In December 2018, Philippine Defense Secretary Delfin Lorenzana declared during a press briefing that the Department of National Defense (DND) was reviewing the 1951 U.S.-Philippines Mutual Defense Treaty (MDT) and its relevance in the 21st century. He said that the time had arrived for the MDT “to be revisited, given that its provisions were formulated in the early 1950s.” Lorenzana explained: “We believe it is time to sit down with our U.S. counterparts and revisit the terms of our alliance. We are partners. We have deep historical ties. We must clearly define our roles and responsibilities when the need arises to be joined in arms.”
The call for a review of the MDT stemmed from Lorenzana’s and the defense establishment’s deep-seated apprehension that the Philippines might be dragged into an armed confrontation between the United States and China. This worry centered on the two powers’ military activities in the South China Sea, namely Chinese construction and fortification of several artificial islands and the U.S. Navy’s repeated freedom of navigation operations and overflights in the disputed waters. There were also anxieties within the DND and the Armed Forces of the Philippines (AFP) about abandonment by their ally, despite promises from U.S. officials that the MDT is an “ironclad” commitment that the United States will honor, even in the contested islands in the South China Sea.
The defense department’s move to subject the MDT to a review was driven by uncertainties over what the U.S. can bring to the table and what it expects from the AFP in case of an armed clash between the U.S. and China in the South China Sea. Lorenzana added that the defense department was assessing if the MDT “should be maintained, strengthened, or scrapped.”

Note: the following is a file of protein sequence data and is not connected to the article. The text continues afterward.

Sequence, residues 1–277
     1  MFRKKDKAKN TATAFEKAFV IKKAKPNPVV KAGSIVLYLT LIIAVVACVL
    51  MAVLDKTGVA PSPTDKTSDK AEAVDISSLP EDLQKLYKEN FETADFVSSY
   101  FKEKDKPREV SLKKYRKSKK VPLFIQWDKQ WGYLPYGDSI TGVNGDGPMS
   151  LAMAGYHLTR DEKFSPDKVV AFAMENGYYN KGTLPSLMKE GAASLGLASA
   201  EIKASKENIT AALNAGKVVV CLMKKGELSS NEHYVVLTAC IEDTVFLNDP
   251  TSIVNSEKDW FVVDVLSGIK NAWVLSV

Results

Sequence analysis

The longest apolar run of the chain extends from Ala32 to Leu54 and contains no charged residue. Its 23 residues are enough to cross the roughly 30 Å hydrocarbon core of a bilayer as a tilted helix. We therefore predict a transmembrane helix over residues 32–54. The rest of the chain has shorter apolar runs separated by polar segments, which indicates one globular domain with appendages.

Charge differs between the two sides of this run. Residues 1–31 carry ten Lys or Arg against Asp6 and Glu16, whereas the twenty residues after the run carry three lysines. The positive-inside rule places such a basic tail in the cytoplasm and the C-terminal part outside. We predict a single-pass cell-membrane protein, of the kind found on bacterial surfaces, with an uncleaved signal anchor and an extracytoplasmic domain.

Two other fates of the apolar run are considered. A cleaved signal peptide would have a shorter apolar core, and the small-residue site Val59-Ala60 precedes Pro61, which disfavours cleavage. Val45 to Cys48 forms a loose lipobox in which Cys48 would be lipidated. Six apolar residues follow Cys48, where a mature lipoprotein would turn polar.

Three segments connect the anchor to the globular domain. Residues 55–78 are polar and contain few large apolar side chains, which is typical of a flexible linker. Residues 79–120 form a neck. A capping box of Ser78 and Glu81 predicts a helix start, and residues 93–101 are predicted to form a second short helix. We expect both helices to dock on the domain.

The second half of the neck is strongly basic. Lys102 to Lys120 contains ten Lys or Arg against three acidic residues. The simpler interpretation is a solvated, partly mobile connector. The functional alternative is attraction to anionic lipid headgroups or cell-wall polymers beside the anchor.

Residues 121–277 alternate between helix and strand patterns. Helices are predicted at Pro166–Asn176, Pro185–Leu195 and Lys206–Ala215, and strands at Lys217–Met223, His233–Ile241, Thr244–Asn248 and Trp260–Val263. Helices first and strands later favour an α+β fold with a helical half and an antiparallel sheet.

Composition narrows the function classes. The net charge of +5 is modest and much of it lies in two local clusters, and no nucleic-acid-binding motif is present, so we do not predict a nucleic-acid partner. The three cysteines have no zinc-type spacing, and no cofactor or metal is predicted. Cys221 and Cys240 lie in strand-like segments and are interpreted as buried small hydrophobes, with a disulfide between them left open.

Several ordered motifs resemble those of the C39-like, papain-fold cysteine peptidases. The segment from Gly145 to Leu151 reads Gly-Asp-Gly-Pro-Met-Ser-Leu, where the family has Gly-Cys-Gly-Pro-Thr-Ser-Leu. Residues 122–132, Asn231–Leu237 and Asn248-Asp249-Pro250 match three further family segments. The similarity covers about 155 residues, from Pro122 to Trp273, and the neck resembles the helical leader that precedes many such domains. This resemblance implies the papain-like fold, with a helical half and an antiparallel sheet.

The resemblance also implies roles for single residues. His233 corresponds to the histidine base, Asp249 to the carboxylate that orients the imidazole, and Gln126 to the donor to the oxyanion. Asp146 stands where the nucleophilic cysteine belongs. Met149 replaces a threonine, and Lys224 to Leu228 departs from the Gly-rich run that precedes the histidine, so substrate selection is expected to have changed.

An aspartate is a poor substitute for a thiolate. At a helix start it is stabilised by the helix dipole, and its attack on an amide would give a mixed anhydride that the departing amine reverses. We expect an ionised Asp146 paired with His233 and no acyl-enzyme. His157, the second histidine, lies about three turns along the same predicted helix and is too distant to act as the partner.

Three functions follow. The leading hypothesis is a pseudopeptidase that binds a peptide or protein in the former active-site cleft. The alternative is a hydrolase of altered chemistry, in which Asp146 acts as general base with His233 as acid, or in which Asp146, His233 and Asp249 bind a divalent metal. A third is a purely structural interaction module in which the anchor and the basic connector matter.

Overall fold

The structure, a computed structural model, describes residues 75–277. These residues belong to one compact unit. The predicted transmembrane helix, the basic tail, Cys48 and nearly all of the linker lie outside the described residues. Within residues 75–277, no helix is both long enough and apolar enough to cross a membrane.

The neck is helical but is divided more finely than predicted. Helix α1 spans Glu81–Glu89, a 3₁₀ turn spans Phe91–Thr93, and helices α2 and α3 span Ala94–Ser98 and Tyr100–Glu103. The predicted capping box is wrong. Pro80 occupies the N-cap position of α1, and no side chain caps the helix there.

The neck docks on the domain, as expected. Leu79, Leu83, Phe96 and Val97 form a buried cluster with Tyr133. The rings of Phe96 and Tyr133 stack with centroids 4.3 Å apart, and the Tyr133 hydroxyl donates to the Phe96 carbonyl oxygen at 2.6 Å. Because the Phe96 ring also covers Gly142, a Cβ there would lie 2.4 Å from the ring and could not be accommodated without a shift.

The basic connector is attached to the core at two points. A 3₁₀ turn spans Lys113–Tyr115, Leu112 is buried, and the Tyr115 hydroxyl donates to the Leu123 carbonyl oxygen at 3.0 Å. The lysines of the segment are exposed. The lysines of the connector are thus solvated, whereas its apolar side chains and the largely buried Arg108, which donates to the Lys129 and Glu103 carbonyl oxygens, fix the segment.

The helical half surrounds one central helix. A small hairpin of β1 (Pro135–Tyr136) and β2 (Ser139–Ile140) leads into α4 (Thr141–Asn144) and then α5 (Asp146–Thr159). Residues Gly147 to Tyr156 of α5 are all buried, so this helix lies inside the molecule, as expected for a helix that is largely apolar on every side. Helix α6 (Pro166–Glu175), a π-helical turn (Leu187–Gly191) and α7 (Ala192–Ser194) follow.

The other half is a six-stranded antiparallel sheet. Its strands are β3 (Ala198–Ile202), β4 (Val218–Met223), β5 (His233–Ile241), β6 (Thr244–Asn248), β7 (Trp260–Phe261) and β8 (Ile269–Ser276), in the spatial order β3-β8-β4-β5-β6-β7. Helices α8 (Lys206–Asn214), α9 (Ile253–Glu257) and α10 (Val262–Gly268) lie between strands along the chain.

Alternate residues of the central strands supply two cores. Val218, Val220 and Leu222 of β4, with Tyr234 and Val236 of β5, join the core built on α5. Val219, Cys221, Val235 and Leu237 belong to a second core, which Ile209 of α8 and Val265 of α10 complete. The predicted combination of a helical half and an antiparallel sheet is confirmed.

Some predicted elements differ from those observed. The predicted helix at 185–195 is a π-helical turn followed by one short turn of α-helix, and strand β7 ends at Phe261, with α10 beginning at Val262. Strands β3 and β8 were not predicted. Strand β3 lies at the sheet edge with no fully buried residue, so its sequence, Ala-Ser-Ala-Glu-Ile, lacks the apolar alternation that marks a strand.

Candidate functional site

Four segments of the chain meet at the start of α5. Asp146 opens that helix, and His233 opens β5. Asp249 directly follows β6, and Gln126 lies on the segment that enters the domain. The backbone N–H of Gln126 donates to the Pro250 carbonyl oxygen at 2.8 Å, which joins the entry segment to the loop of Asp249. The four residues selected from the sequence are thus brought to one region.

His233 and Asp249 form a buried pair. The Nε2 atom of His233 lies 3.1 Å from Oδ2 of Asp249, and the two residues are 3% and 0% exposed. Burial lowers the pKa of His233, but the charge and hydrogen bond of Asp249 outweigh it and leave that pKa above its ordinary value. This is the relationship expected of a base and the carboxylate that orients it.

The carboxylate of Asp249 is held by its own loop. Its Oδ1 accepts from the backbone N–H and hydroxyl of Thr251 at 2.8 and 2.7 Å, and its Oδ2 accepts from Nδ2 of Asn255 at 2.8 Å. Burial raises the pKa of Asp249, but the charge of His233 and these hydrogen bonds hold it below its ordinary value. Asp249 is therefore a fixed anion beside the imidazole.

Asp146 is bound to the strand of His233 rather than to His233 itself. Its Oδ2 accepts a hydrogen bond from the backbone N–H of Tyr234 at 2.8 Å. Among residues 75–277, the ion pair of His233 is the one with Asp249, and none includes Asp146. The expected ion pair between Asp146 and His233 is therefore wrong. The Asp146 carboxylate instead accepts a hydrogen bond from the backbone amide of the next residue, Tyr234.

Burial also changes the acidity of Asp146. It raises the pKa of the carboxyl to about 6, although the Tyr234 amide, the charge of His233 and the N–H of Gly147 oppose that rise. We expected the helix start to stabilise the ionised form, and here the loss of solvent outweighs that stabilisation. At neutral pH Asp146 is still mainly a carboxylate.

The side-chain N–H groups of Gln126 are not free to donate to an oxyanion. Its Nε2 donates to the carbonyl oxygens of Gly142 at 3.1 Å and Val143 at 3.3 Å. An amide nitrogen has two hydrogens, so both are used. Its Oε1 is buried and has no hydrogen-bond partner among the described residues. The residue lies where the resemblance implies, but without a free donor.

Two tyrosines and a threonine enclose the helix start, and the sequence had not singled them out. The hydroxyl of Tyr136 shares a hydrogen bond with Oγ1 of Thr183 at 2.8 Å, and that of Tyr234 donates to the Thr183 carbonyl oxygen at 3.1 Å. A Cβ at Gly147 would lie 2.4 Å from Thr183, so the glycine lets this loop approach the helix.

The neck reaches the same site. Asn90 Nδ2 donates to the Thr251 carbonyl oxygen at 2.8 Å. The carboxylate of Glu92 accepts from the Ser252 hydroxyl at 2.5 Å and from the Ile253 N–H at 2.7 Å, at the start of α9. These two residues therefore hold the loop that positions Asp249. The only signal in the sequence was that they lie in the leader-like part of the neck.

The Philippines and the U.S. signed the MDT on August 30, 1951 in Washington D.C. It linked the Philippine-U.S. alliance to the southern-flank portion of the U.S. regional alliance network – also known as the San Francisco system – which includes the ANZUS pact, a formal defense treaty, entered into in 1951 with Australia and New Zealand. When it was signed, the MDT was never meant to the Philippines’ only bulwark against possible foreign threats that the country might face in the future. The MDT was only one of three security treaties the two allies negotiated and signed as legal instruments for balancing a clearly designated communist-related threat during the Cold War. More significantly, the MDT contains several ambiguous details on how the Philippines and the U.S. will respond to an act of armed aggression committed against either of the two parties.
How did the 1951 MDT became the most important element in the Philippine-U.S. alliance? How have the two allies used the MDT to advance their security interests? And what is the future of MDT, 70 years after it was signed?